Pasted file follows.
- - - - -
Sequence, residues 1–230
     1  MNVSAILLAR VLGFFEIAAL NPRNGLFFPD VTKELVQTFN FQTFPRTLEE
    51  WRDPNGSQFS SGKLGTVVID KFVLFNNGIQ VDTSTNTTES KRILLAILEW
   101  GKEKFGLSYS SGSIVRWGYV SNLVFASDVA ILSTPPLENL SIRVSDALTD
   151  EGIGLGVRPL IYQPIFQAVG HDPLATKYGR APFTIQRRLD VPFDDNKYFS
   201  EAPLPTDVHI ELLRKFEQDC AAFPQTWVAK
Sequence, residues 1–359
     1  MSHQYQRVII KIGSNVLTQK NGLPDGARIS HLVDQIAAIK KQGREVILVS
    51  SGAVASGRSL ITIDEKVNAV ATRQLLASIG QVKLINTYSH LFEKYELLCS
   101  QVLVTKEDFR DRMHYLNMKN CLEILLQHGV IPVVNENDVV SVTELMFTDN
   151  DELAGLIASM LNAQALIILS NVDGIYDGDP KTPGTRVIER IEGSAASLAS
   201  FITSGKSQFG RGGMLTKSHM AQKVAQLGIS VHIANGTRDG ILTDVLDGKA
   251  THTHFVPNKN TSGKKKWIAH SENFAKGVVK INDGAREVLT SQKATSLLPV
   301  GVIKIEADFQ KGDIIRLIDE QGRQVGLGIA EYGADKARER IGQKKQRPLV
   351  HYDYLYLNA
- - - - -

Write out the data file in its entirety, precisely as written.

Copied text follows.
Sequence, residues 1–230
     1  MNVSAILLAR VLGFFEIAAL NPRNGLFFPD VTKELVQTFN FQTFPRTLEE
    51  WRDPNGSQFS SGKLGTVVID KFVLFNNGIQ VDTSTNTTES KRILLAILEW
   101  GKEKFGLSYS SGSIVRWGYV SNLVFASDVA ILSTPPLENL SIRVSDALTD
   151  EGIGLGVRPL IYQPIFQAVG HDPLATKYGR APFTIQRRLD VPFDDNKYFS
   201  EAPLPTDVHI ELLRKFEQDC AAFPQTWVAK
Sequence, residues 1–359
     1  MSHQYQRVII KIGSNVLTQK NGLPDGARIS HLVDQIAAIK KQGREVILVS
    51  SGAVASGRSL ITIDEKVNAV ATRQLLASIG QVKLINTYSH LFEKYELLCS
   101  QVLVTKEDFR DRMHYLNMKN CLEILLQHGV IPVVNENDVV SVTELMFTDN
   151  DELAGLIASM LNAQALIILS NVDGIYDGDP KTPGTRVIER IEGSAASLAS
   201  FITSGKSQFG RGGMLTKSHM AQKVAQLGIS VHIANGTRDG ILTDVLDGKA
   251  THTHFVPNKN TSGKKKWIAH SENFAKGVVK INDGAREVLT SQKATSLLPV
   301  GVIKIEADFQ KGDIIRLIDE QGRQVGLGIA EYGADKARER IGQKKQRPLV
   351  HYDYLYLNA